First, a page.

All Nonfiction Bullying Books Academic Author Interviews Celebrity interviews College Articles College Essays Educator of the Year Heroes Interviews Memoir Personal Experience Sports Travel & CultureAll Opinions Bullying Current Events / Politics Discrimination Drugs / Alcohol / Smoking Entertainment / Celebrities Environment Love / Relationships Movies / Music / TV Pop Culture / Trends School / College Social Issues / Civics Spirituality / Religion Sports / Hobbies
- Summer Guide
- College Guide
- Author Interviews
- Celebrity interviews
- College Articles
- College Essays
- Educator of the Year
- Personal Experience
- Travel & Culture
- Current Events / Politics
- Drugs / Alcohol / Smoking
- Entertainment / Celebrities
- Love / Relationships
- Movies / Music / TV
- Pop Culture / Trends
- School / College
- Social Issues / Civics
- Spirituality / Religion
- Sports / Hobbies
- Community Service
- Letters to the Editor
- Pride & Prejudice
- What Matters
A Proper Goodbye
We started at a Burger king,
on the hot plastic benches outside,
a spread of their finest in front of us.
We were fresh off the plane,
with our rental car loaded, suitcases
filling the trunk and backseat.
It was like we were moving here,
with the amount of stuff we had.
Mom finished her meal and cleaned us
both up, and we made our way
to the car once more—
white, was it? I’ll never remember.
It was so long ago.
Seven years, to be exact.
Just the three of us. Dad stayed home,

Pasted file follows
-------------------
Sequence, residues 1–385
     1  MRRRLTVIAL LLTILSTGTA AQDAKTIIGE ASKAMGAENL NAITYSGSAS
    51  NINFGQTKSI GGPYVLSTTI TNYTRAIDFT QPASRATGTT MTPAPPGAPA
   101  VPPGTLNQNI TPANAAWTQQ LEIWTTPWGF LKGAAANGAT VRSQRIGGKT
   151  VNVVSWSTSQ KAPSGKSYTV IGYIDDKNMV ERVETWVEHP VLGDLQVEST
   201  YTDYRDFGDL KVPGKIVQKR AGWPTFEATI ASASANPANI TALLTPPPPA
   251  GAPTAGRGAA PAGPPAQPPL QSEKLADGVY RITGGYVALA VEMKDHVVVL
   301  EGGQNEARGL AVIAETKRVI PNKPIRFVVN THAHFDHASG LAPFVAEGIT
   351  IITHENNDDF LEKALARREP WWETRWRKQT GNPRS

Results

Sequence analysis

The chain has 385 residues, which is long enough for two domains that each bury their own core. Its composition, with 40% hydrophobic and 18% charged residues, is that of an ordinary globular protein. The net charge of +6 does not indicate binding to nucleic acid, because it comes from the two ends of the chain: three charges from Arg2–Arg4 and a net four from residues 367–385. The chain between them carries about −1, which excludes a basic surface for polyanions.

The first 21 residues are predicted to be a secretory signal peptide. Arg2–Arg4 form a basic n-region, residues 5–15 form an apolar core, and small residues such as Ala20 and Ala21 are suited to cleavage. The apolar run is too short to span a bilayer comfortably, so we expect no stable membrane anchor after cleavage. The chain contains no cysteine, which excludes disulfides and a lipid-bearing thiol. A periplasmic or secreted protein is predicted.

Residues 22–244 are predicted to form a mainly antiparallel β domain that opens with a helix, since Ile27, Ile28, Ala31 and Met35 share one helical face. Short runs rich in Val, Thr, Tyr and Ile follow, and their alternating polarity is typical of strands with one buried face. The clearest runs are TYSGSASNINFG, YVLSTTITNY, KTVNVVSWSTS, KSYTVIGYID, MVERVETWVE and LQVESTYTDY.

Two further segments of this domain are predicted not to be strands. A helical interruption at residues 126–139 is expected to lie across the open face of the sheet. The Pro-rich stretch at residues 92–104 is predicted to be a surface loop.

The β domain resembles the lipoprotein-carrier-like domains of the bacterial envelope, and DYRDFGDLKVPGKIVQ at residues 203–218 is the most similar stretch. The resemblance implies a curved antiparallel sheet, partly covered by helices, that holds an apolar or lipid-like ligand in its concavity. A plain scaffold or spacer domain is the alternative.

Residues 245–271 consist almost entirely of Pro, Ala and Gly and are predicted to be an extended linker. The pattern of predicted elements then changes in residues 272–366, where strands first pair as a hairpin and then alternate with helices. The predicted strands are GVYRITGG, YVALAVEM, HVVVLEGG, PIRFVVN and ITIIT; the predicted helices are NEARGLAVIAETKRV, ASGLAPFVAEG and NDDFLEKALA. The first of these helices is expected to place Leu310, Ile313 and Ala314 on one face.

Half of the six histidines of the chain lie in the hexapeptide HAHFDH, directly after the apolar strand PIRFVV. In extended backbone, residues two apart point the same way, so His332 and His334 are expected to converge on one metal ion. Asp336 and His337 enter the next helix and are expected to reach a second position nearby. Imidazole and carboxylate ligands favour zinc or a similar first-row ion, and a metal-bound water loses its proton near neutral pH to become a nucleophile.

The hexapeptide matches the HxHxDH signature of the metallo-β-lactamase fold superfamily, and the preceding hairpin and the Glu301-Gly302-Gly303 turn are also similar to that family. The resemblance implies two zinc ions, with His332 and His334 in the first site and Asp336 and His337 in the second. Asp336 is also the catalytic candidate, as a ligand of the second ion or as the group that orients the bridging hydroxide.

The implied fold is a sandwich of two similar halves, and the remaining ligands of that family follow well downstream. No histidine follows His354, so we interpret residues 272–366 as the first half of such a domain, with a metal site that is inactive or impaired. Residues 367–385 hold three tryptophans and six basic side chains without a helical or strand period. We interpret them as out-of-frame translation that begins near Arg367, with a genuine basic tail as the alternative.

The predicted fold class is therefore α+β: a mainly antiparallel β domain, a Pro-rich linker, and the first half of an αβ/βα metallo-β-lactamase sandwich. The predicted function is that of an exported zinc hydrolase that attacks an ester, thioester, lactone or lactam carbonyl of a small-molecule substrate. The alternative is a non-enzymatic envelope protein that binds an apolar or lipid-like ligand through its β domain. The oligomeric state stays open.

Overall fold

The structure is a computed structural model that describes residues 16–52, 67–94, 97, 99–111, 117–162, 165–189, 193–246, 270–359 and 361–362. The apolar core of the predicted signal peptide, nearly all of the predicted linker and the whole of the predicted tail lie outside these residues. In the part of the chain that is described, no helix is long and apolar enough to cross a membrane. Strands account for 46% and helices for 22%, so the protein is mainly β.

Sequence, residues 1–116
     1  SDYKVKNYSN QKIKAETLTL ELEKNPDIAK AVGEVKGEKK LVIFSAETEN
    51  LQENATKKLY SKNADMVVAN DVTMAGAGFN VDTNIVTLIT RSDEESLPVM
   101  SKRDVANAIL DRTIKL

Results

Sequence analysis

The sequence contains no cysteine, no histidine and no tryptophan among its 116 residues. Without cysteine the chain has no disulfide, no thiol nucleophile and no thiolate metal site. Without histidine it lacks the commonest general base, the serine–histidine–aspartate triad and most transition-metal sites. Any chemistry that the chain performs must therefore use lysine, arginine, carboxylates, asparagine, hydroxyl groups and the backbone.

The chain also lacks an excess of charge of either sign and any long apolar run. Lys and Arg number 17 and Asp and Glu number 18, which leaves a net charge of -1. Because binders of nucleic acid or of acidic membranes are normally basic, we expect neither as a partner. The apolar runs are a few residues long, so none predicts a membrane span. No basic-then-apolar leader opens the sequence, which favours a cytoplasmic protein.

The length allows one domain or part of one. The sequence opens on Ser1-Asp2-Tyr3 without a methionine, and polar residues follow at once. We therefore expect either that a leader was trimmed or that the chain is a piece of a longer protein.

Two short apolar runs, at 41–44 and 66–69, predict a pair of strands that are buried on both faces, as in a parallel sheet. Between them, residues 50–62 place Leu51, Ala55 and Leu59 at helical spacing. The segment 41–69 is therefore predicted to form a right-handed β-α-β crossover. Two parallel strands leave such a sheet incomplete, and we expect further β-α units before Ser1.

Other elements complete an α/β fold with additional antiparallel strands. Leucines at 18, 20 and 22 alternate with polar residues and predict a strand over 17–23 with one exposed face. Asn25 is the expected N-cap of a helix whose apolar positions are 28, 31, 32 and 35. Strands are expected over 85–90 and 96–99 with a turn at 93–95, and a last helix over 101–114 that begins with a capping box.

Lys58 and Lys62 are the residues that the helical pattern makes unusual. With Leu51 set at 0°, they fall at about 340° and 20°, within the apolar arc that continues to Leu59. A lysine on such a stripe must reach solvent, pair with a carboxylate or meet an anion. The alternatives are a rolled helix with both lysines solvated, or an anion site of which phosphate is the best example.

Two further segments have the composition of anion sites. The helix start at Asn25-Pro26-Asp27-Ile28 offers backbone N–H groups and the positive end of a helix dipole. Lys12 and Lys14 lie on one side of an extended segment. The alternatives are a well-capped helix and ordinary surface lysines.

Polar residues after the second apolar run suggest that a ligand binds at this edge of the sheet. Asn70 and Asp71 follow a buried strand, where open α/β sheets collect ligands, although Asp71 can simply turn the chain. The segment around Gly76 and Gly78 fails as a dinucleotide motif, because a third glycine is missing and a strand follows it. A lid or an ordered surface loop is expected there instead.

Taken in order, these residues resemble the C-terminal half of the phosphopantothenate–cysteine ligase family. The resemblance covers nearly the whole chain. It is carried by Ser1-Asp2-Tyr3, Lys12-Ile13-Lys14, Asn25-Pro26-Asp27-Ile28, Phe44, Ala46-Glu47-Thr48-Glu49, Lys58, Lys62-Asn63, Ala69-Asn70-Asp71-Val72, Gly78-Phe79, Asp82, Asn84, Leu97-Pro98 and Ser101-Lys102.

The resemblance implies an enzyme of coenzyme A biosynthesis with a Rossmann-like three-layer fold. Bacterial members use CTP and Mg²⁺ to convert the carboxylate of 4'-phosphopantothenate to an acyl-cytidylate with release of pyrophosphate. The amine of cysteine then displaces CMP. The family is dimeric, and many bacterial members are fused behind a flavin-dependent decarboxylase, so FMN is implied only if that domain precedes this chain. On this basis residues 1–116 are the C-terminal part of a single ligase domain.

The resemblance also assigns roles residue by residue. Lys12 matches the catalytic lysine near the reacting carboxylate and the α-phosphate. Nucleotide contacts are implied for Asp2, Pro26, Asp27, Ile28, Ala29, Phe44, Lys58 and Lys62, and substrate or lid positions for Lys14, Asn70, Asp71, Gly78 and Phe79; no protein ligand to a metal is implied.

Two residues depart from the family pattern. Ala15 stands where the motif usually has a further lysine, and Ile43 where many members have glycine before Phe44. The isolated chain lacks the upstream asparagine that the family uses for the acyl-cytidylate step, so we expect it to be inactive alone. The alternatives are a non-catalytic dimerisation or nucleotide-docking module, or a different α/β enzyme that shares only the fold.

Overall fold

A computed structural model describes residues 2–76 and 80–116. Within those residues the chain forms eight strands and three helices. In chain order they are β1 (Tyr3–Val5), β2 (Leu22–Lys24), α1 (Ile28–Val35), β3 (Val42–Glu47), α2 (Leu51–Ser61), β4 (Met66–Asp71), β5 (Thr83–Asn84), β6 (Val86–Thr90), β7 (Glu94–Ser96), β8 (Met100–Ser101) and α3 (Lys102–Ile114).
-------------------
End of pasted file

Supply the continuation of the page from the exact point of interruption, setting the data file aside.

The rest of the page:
though I didn’t understand why at
Well I’m older now. It all makes sense now.
We drove down the four lane boulevards,
lined with palm trees which were so foreign
to us East Coasters.
We only knew snow and hot summers,
And big bushy oak trees that were naked
in the winter.
The air was thick and humid,
clinging to my ten year old skin
as I climbed out of the car, into my
My mom stood and watched,
a strange smile on her face,
one I’d only seen a few times before.
“Aren’t you happy?” I asked her,
but she only looked at me.
She hugged her mother with caution,
and they mumbled under their breath,
so that I wouldn’t hear.
I played with the cats in the house
while my Grandmother cooked.
Their fur was long and matted,
and they were only friendly every other day,
but I didn’t mind so much.
How could I?
I was here, back where my mother felt at home,
She was no longer separated from them
by those 2869 miles, stretching from coast to coast.
She should have been happy.
She should have been smiling, not in that
Strange way that filled her face whenever
She saw Grandma, or my aunts and uncles.
We stayed in that house for a while,
with the cats, Grandma, and a pool.
Weeks passed, and we got bored,
so we moved—to Mom’s aunt’s apartment,
with the dirty pool and unfriendly people,
on a big, steep hill with cracked pavement.
I didn’t mind so much, though.
I did miss the cats and Grandma.
And weeks passed, and we got bored,
so we moved again.
We stayed in Mom’s aunt’s van,
on Venice Beach, where I only wore pajamas,
and bathed in the Pacific, and rode a skateboard on my stomach
down the boardwalk as the sun set.
We were happy, eating tacos,
roasting marshmallows. I wore sweatshirts
when the nights were cold from the breeze of the ocean.
I smelled of fire and salt.
I didn’t mind so much, because
We were all together,
Our laughter danced in the air, danced in the ears
of beachgoers. I slept with the stars as my nightlight,
and you still didn’t smile.